The United States will help the new Georgian government overcome mistrust and improve relations with neighbors, including Russia, Eric Rubin, Deputy Assistant Secretary in the Bureau of European and Eurasian Affairs, said in Washington DC.
He welcomed the first positive steps towards restoring mutual trust and relaxing bilateral tensions.
Rubin said the steps included Georgia's consent with Russia's entry into the WTO, the opening of borders, the resumption of air traffic and the Georgian lift of visa restrictions on Russian citizens.
The U.S. believes that much more can be done, and it will support efforts of the new Georgian government to improve and develop relations with all neighbors, the diplomat said.
In the opinion of Washington, there is no conflict between the energetic and sound relations between the U.S. and Georgia and the energetic and sound relations between Georgia and Russia.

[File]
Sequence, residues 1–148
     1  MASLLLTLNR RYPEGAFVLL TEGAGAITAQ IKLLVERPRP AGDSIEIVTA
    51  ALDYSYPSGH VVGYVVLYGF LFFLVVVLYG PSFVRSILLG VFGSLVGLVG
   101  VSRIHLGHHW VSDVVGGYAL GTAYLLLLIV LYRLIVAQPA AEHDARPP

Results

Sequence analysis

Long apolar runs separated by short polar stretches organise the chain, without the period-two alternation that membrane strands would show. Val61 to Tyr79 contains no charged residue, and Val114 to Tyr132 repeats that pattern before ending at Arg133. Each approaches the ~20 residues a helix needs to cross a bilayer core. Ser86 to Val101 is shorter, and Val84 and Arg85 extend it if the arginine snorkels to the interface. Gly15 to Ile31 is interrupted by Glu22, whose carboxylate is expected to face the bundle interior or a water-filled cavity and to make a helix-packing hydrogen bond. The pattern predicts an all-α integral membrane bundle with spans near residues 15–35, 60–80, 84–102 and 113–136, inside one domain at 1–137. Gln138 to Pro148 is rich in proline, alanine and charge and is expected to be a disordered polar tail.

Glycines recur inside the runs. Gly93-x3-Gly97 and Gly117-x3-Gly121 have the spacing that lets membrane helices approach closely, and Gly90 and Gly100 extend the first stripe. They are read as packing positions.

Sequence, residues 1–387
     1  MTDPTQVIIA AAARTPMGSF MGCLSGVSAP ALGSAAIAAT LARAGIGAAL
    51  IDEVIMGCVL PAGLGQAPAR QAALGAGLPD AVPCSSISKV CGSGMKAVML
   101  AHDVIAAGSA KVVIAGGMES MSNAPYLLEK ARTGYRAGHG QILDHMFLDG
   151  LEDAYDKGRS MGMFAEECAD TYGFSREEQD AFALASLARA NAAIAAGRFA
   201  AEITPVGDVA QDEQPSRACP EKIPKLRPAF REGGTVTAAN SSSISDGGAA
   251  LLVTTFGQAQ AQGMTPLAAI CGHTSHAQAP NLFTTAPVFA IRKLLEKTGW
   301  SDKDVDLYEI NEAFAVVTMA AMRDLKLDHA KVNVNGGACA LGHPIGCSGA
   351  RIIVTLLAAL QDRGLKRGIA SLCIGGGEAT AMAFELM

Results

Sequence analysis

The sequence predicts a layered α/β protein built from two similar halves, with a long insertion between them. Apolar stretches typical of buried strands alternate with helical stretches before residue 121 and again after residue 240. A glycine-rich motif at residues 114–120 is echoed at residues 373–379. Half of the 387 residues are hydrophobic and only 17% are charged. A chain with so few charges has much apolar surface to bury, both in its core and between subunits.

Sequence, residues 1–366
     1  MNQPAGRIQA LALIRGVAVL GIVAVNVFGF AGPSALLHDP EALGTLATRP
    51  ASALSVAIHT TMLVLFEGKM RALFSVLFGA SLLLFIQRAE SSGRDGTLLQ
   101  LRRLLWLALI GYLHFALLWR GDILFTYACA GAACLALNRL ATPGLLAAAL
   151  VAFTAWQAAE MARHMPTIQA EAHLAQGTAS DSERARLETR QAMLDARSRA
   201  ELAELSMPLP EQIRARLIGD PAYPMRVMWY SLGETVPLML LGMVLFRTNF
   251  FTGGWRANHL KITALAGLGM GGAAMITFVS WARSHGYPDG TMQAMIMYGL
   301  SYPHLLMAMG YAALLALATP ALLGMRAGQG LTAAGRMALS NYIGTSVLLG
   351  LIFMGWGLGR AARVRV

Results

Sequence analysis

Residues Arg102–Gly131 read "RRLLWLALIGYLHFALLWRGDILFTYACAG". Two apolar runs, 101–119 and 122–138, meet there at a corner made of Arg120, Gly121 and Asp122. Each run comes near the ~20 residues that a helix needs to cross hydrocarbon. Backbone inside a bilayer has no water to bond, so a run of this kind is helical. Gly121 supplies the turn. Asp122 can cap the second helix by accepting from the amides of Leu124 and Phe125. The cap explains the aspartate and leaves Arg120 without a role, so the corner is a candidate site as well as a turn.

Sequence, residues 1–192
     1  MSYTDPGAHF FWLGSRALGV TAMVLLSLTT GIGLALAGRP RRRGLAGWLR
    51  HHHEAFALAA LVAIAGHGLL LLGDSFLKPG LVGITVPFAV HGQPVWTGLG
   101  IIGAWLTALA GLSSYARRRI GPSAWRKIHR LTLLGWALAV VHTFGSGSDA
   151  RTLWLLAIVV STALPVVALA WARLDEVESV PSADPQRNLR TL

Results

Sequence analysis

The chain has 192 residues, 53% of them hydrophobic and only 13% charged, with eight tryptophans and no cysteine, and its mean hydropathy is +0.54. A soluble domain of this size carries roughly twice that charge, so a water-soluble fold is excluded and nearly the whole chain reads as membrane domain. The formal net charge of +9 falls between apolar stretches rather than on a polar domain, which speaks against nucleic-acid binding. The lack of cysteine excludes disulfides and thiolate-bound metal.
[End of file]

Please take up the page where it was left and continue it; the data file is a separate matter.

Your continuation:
Rubin noted that the U.S. support to Georgian sovereignty and territorial integrity within the internationally acknowledged borders would be invariable.
The U.S. continues to urge Russia to meet the obligations it undertook in 2008, to pull out forces to their initial positions and to admit international monitors to areas on both sides of the administrative borderline, he said.
The U.S. is a staunch supporter of Georgian accession to NATO, Rubin added.
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